Ramán “Mongo” Santamaria was born in 1922 in Havana’s Jesus María barrio. Originally a violinist as a child, he switched to percussion and dropped out of school to become a professional musician.
He worked at the Tropicana Club in Havana and traveled to Mexico City with the Dámaso Pérez Prado orchestra. Before Fidel Castro came to power, he headed for New York in 1950.
In 1951, Mongo joined the Tito Puente band, with which he recorded two now classic Afro-Cuban percussion albums: Puente in Percussion (1955) and Top percussion (1957). In 1958, Mongo started performing with vibraphone player Cal Tjader, and timbalero Willie Bobo.
In 1960 he traveled to Cuba where he recorded two legendary albums: Mongo in Havana, with Carlos Embale and Merceditas Valdés, and Sabroso, with tres player Andres Echeverría, a.k.a. El Niño Rivera. In 1962, Mongo returned to the United States and began his natural progression towards jazz. In the early 1960s, Afro-Cuban music and San Francisco jazz jams took place at the Treat Street headquarters and studios of Fantasy Records. The jazz axis of this strange revolution was Cuban percussionist Mongo Santamaria revolving around the axis were Cal Tjader, Vince Guaraldi, Bola Sete, and others.
Early in 1963, Mongo Santamaria accomplished something that even then was a rarity in the world of American pop music. His band’s instrumental single reached the Top Ten on Billboard Magazine’s official best-seller chart. That song was “Watermelon Man,” a Herbie Hancock song. It had all started one night at a Cuban nightclub in New York City when Hancock sat in with Santamaria’s band. Hancock introduced his new tune to the band and they jammed on it, soon making it a standard piece of their repertoire. Producer Orrin Keepnews heard them play it one night and he rushed them into the recording studio. It was released as a single and it went straight to the No. 10 slot on the pop charts.
In the mid 1970s he returned to his Afro-Cuban music roots. Mongo recorded with the Fania All Stars, in 1977, and one year later he won a Grammy for Best Latin Recording with the album Amanecer.
Mongo’s superb band was joined by Dizzie Gillespie in 1980, to record Summertime. Gillespie was still a formidable trumpeter.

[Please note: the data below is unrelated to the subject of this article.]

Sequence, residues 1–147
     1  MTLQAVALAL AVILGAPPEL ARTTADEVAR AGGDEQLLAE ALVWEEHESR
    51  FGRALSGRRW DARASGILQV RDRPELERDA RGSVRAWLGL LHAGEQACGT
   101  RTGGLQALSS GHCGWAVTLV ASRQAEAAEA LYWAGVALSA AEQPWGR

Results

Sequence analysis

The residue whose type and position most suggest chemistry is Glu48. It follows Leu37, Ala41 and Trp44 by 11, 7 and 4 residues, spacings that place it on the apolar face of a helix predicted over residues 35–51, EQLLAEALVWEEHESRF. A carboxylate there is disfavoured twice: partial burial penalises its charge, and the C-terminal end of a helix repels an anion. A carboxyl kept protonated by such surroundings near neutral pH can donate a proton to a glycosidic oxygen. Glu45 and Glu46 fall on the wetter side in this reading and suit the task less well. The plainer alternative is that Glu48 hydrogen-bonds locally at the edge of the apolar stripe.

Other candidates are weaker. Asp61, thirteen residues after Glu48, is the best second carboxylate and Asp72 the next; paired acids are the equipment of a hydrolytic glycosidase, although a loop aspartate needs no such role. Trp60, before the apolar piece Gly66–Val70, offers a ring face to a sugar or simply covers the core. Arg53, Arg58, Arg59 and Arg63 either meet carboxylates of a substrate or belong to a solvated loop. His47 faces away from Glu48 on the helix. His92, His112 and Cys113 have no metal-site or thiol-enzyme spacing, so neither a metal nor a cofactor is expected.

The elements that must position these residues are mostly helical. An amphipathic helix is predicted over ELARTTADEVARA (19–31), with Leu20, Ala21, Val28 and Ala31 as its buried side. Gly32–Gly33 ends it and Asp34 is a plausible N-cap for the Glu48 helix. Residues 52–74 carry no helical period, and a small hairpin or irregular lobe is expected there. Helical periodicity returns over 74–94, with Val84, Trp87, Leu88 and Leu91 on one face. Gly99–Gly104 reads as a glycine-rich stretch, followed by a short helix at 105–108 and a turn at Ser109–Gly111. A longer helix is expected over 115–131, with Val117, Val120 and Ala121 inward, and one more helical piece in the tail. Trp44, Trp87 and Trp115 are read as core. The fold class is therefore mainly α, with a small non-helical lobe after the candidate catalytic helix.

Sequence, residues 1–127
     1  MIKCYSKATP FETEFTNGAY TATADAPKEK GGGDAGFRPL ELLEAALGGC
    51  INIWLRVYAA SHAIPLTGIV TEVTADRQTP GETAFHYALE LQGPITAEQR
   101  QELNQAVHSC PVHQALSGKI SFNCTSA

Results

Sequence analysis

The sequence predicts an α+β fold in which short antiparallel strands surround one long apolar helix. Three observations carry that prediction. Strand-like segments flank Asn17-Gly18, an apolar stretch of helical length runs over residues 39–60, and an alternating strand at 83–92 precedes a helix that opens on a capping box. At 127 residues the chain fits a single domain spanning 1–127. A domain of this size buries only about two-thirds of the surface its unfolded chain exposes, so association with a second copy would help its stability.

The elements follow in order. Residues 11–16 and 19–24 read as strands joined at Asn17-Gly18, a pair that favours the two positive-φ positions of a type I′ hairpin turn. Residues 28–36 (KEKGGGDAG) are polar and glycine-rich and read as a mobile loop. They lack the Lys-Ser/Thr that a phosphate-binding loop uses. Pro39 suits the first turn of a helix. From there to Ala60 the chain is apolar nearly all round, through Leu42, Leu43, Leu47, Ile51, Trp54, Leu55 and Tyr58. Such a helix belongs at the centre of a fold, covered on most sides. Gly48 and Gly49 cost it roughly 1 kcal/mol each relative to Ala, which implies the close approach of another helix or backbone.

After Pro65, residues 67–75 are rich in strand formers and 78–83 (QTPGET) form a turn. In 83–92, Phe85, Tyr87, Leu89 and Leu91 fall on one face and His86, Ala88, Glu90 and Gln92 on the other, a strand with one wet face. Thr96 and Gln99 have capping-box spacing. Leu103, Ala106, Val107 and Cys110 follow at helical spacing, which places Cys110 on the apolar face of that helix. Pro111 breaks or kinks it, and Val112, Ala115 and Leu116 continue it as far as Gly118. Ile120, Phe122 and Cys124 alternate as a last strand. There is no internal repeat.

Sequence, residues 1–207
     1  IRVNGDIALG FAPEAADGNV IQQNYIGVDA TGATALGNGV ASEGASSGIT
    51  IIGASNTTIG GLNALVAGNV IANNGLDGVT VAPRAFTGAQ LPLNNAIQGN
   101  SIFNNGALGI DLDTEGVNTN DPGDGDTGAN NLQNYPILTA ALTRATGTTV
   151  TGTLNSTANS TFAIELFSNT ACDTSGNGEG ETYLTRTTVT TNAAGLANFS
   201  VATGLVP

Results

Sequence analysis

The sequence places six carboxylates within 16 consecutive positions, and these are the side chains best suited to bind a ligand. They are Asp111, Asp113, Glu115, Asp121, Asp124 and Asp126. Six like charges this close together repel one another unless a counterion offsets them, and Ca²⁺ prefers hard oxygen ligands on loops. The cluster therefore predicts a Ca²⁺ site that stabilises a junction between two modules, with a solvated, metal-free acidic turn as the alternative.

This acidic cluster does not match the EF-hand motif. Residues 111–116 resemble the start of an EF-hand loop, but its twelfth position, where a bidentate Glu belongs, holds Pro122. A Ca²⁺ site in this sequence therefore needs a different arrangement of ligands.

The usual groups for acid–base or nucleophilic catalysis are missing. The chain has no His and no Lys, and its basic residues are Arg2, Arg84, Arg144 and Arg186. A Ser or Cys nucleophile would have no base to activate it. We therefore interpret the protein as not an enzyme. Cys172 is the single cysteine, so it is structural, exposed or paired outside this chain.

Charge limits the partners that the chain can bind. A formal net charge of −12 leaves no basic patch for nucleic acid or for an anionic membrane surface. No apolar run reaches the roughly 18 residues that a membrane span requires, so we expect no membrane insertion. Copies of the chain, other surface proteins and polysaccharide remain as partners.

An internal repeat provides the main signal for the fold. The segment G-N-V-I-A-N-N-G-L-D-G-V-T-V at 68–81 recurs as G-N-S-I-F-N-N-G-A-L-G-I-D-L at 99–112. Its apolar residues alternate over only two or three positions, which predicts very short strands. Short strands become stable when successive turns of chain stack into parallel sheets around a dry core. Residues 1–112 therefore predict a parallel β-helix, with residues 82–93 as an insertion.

In his final years, Mongo Santamaria established his residence in Miami during the winter months. He died on February 1st, 2003, at the age of 86, victim of a heart failure.
Afro-Cuban Drums (SMC Pro-Arte, 1952)
Drums and Chants – Changó (Vaya, 1954)
Tambores y Cantos (1955)
Yambu: Mongo Santamaria y Sus Ritmos Afro Cubanos (1958)
!Arriba! La Pachanga (Fantasy, 1959)
Afro Roots (Prestige, 1958)
Mongo (Fantasy, 1959)
Our Man in Havana (Fantasy, 1959)
Mongo en la Habana, with Carlos Embale and Merceditas Valdés (1960)
Mighty Mongo (Fantasy, 1962)
Watermelon Man! (Battle, 1963)
Mongo at the Village Gate (Riverside, 1963)
El Bravo! (Columbia, 1964)
La Bamba (Columbia, 1965)
Pussy Cat (Columbia, 1965)
Hey! Let’s Party (Columbia, 1967)
Mongomania (Columbia, 1967)
Soul Bag (Columbia, 1968)
Workin’ On A Groovy Thing (Columbia, 1969)
Stone Soul (Columbia, 1969)
Mongo ’70 ( Atlantic, 1970)
Feelin’ Alright (Atlantic, 1970)
Mongo’s Way (Atlantic, 1971)
Up from the Roots (Atlantic, 1972)
Fuego (Vaya Records, 1972)
Afro-Indio (Vaya Records, 1975)
Skins (Milestone Records, 1976)
Sofrito (Vaya Records, 1976)
Amanecer (Vaya Records, 1977)
A la Carte (Vaya Records, 1978)
Red Hot (Columbia, 1979)
You Better Believe It (1979)
Images (Vaya Records, 1980)
Soy Yo (Concord Jazz Picante, 1987)
Mambo Mongo (Chesky, 1993)
Mongo Returns (Milestone, 1995)
Author: Angel Romero
Angel Romero y Ruiz has been writing about world music music for many years. He founded the websites worldmusiccentral.org and musicasdelmundo.com. Angel is also co-founder of the Transglobal World Music Chart.
Angel has also produced and remastered world music studio albums and compilations for labels such as Alula Records, Ellipsis Arts, and Music of the World.